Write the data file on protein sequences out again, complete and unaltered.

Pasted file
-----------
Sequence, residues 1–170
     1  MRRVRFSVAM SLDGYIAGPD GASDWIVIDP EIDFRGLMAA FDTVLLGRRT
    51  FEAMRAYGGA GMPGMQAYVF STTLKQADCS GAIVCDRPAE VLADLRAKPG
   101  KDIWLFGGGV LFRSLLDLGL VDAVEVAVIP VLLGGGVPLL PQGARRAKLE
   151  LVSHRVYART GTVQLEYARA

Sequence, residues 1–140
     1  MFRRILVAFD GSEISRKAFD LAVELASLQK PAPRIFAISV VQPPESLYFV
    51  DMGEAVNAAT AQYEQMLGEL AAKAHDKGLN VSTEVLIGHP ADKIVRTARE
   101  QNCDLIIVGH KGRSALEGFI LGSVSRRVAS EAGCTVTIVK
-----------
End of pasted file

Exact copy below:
Sequence, residues 1–170
     1  MRRVRFSVAM SLDGYIAGPD GASDWIVIDP EIDFRGLMAA FDTVLLGRRT
    51  FEAMRAYGGA GMPGMQAYVF STTLKQADCS GAIVCDRPAE VLADLRAKPG
   101  KDIWLFGGGV LFRSLLDLGL VDAVEVAVIP VLLGGGVPLL PQGARRAKLE
   151  LVSHRVYART GTVQLEYARA

Sequence, residues 1–140
     1  MFRRILVAFD GSEISRKAFD LAVELASLQK PAPRIFAISV VQPPESLYFV
    51  DMGEAVNAAT AQYEQMLGEL AAKAHDKGLN VSTEVLIGHP ADKIVRTARE
   101  QNCDLIIVGH KGRSALEGFI LGSVSRRVAS EAGCTVTIVK